PREDICTIONS FOR ONLINE GAMBLING GROWTH IN EUROPE By Jason Ferguson Europe. When it comes to making online gambling growth predictions, this is the world that makes gambling website operators go ga-ga. Why? The answer is simple. While one might think that the excitement would be focused on the U.S., it's online gambling in Europe that shows the greatest potential growth. That is, at least in the relatively near future. In 2009, online gambling operators in Europe recorded a 44.9% increase in total gaming yield. Combine that number with additional increases over the last two years, 2011's Black Friday event, and the U.S. government's nonstop waffling on the legality of internet betting, and Europe appears the decisive winner in the "Best Emerging Market" contest. The reasons for Europe's rapidly expanding online gambling market are many. Most notable are a longstanding tradition of gambling as a legitimate form of entertainment and income and the drive towards legalization and regulation within states. EUROPE ONLINE GAMBLING STATISTICS But before we assess the above, let's take a quick look at the statistics. • • • • • •
The global gambling industry was valued at USD $335 billion in 2009, and is expected to grow to USD $385 billion by the end of this year. Of these totals, the European gambling industry accounted for €82 billion in 2009, and is expected to reach €90 billion by the end of this year. That's approximately 30% of global market share. Licensed UK gambling is predicted to reach £10.0 billion by year's end. Licensed French gambling is predicted to reach €9.8 billion by year's end. Licensed Italian gambling is predicted to reach more than €21.3 billion by year's end. Licensed Spanish gambling is predicted to reach more than €10.2 billion by year's end. According to H2 Gambling Captial, a global online gambling research and consulting firm, these trends will continue for at least the next few years. The below chart shows real and projected online gambling growth in Europe from 2010 through 2014. One can clearly see that while the UK has long been a power player, Italy, Spain and France are now trending up - and fast. If growth meets predictions, they will be either very close to or on par with the UK online gambling market. Gambling industry leaders and insiders have taken note of these trends. Last year, Caesar's moved its WSOPE festival from London to Cannes and the EPT held its Grand Final in Madrid instead of Monte Carlo. These represent a clear change in course; namely, one towards emerging markets.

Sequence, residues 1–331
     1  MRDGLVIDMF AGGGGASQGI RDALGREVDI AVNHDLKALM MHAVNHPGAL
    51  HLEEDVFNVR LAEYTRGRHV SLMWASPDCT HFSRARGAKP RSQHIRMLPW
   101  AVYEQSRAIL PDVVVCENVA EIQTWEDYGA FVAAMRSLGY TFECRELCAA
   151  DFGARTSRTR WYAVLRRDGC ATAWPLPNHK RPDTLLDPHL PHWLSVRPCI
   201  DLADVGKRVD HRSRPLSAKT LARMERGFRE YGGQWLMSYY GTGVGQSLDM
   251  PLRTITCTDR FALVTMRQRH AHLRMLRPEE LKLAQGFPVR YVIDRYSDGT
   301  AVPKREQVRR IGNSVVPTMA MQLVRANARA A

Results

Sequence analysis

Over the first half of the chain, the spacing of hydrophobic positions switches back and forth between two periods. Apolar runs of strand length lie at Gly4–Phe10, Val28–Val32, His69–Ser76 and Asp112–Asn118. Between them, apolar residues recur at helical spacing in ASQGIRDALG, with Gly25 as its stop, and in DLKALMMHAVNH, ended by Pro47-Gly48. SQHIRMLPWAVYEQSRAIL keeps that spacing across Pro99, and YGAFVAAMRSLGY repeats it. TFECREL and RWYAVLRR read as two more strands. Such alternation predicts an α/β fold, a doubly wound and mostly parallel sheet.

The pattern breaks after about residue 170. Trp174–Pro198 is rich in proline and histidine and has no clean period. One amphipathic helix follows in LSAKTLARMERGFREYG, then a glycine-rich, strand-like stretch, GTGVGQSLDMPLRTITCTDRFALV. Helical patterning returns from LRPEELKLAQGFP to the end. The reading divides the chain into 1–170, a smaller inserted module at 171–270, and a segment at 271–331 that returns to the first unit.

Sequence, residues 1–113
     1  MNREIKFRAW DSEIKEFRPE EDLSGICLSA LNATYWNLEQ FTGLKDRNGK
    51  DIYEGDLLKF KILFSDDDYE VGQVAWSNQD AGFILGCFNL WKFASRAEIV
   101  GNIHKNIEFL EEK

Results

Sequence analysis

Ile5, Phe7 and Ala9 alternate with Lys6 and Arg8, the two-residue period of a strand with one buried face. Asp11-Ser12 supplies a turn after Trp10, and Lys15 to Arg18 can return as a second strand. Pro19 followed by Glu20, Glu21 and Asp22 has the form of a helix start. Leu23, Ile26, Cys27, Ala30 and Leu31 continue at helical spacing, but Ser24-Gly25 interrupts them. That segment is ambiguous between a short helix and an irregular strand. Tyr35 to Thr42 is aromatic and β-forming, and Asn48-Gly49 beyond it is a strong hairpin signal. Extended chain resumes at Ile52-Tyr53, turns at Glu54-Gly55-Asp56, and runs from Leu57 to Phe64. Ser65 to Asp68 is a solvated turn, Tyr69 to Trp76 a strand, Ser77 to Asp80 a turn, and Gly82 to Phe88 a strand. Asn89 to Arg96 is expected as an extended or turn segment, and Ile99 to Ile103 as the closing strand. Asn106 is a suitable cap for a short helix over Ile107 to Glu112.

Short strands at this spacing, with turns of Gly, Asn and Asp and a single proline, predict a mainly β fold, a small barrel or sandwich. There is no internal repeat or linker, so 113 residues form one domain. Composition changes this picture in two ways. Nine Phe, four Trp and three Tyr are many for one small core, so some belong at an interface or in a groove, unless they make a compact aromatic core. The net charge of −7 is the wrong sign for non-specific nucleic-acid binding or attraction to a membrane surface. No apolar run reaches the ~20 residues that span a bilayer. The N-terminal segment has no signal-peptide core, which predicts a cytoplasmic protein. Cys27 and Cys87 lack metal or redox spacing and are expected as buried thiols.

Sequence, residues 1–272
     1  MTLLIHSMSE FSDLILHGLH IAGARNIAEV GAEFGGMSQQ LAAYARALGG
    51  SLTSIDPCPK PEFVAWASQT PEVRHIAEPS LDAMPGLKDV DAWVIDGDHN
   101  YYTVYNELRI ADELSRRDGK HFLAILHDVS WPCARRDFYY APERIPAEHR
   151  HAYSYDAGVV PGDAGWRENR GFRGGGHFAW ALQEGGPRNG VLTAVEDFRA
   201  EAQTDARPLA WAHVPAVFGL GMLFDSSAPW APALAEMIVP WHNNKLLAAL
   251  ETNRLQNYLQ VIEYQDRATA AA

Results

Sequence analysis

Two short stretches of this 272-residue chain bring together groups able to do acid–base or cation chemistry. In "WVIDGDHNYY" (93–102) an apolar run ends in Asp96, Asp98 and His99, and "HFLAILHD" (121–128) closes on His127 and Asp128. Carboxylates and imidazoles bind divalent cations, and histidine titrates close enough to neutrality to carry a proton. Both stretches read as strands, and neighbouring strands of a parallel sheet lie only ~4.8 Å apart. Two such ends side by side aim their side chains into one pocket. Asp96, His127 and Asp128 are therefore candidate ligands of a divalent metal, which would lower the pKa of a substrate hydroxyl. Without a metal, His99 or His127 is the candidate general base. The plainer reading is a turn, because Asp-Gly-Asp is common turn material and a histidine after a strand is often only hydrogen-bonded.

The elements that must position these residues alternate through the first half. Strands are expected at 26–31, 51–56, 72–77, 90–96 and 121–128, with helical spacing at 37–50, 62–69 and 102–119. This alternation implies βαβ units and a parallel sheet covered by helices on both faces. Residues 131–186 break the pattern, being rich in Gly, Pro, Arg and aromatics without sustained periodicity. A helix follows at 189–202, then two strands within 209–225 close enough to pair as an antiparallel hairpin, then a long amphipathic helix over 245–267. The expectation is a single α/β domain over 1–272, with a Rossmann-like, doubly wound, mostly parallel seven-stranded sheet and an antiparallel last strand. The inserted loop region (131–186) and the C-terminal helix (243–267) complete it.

A TRADITION OF GAMBLING IN EUROPE Scholars trace the roots of many of Europe's most popular gambling games back hundreds of years. Craps, for example, is believed to date back to the Middle Ages. Dice games were popular during the Crusades in the Middle East, and historians say they were imported to Europe alongside spices and exotic fruits. In the 1700's, craps - known then as "Hazard" - was popular among gamblers and aristocrats alike. Fast forward 200 years and one sees a similar proliferation and acceptance of gambling in the popularity of its lotteries. Euromillions, a joint lottery run by the FranĂ§aise des Jeux (France), LoterĂas y Apuestas del Estado (Spain) and Camelot (Britain), is open to players in nine European countries. By all accounts, it is the world's biggest lottery. An average 26 million Europeans buy tickets each week, suggesting that gambling is not only acceptable, but a part of Europe's culture. This confidence in and comfortability with gambling makes Europe ripe for online gambling growth. LEGISLATION & REGULATION OF ONLINE GAMBLING IN EUROPE There is, however, a problem that may stymie the development of legal online gambling in Europe if it is not soon resolved. This problem is one of consistency. Umbrella-type regulations that apply to all European operators and players often conflict with national regulations, and there is no single European market.